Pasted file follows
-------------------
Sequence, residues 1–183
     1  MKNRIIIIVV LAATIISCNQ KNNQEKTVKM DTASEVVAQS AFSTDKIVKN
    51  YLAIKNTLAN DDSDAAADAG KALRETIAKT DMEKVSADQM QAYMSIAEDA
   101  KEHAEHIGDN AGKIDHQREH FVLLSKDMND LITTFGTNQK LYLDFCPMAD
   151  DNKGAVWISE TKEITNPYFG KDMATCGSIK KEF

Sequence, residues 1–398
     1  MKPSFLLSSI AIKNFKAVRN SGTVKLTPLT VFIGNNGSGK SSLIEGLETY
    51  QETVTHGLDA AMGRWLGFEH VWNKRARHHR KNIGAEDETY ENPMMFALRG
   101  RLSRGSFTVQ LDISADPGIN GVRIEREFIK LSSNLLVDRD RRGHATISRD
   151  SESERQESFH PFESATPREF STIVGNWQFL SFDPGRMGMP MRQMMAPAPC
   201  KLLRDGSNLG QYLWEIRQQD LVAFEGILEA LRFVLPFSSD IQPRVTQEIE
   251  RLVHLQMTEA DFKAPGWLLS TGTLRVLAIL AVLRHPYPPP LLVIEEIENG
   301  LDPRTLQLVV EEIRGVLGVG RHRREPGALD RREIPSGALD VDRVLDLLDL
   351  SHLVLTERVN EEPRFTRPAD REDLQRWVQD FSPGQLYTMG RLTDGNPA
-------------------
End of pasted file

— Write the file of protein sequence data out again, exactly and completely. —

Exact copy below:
Sequence, residues 1–183
     1  MKNRIIIIVV LAATIISCNQ KNNQEKTVKM DTASEVVAQS AFSTDKIVKN
    51  YLAIKNTLAN DDSDAAADAG KALRETIAKT DMEKVSADQM QAYMSIAEDA
   101  KEHAEHIGDN AGKIDHQREH FVLLSKDMND LITTFGTNQK LYLDFCPMAD
   151  DNKGAVWISE TKEITNPYFG KDMATCGSIK KEF

Sequence, residues 1–398
     1  MKPSFLLSSI AIKNFKAVRN SGTVKLTPLT VFIGNNGSGK SSLIEGLETY
    51  QETVTHGLDA AMGRWLGFEH VWNKRARHHR KNIGAEDETY ENPMMFALRG
   101  RLSRGSFTVQ LDISADPGIN GVRIEREFIK LSSNLLVDRD RRGHATISRD
   151  SESERQESFH PFESATPREF STIVGNWQFL SFDPGRMGMP MRQMMAPAPC
   201  KLLRDGSNLG QYLWEIRQQD LVAFEGILEA LRFVLPFSSD IQPRVTQEIE
   251  RLVHLQMTEA DFKAPGWLLS TGTLRVLAIL AVLRHPYPPP LLVIEEIENG
   301  LDPRTLQLVV EEIRGVLGVG RHRREPGALD RREIPSGALD VDRVLDLLDL
   351  SHLVLTERVN EEPRFTRPAD REDLQRWVQD FSPGQLYTMG RLTDGNPA